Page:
• The conventional wisdom runs up against a big problem when it comes to articulating the mechanism responsible for the alleged evolutionary pressure toward benign associations
  • For a parasite to evolve to become gentle and prudent in its treatment of its host requires some form of group selection since natural selection operating at the level of the individual parasite often favors virulence
slide15

The conventional wisdom

  • In the 1980s, evolutionary biologists realized that if transmission and virulence were positively coupled, natural selection acting on individuals could favor the evolution and maintenance of some level of virulence
  • It comes down to elucidating the relationship between the rate of parasite-mediated mortality and the rate of transmission. If the relationship is positive, some level of virulence may be favored
  • In other words, if killing your host is correlated with higher transmission, natural selection may well favor virulence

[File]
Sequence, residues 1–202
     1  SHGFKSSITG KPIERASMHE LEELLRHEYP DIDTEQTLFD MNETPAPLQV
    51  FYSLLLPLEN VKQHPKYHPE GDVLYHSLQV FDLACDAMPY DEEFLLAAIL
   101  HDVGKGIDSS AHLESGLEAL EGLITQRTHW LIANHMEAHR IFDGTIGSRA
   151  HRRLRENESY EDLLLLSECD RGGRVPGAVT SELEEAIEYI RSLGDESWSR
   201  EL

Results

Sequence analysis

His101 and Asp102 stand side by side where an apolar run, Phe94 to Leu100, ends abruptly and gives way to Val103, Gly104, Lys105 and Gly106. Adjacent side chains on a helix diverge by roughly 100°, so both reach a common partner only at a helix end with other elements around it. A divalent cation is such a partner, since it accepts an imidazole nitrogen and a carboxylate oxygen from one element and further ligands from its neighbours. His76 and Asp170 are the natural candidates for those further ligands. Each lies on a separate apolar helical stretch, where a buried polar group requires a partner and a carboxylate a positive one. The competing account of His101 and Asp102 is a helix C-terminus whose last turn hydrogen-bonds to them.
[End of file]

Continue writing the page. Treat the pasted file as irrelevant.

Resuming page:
slide16

Some basic epidemiological theory:

The compartmental approach distinguishes various classes of hosts during an epidemic, and then tracks the movement of individual hosts from one class to another:

Susceptible individuals S

Exposed individuals E

Infective individuals I

Removed individuals R

slide18

R0: The basic reproductive rate

  • The fundamental epidemiological quantity
  • R0 represents the average number of secondary infections generated by one primary case in a susceptible population
  • Can be used to estimate the level of immunization or behavioural change required to control an epidemic
  • What R0 is required for an outbreak to persist?
  • What R0 must be brought about if an intervention is to be successful?
slide19

R0: The basic reproductive rate

= rate constant of infectious transfer (transmissibility)

= density of the susceptible host population

= rate of parasite-induced mortality (virulence)

= rate of parasite-independent mortality

= rate of recovery

slide20

The trade-off hypothesis for the evolution of virulence

  • The trade-off hypothesis: Natural selection should strike an optimal balance between the costs and benefits of harming hosts
  • There is a (virulence-related) trade-off between rate of transmission and duration of infection
  • A virulent strain of parasite may increase in frequency if, in the process of killing its hosts, it sufficiently increases its chance of being transmitted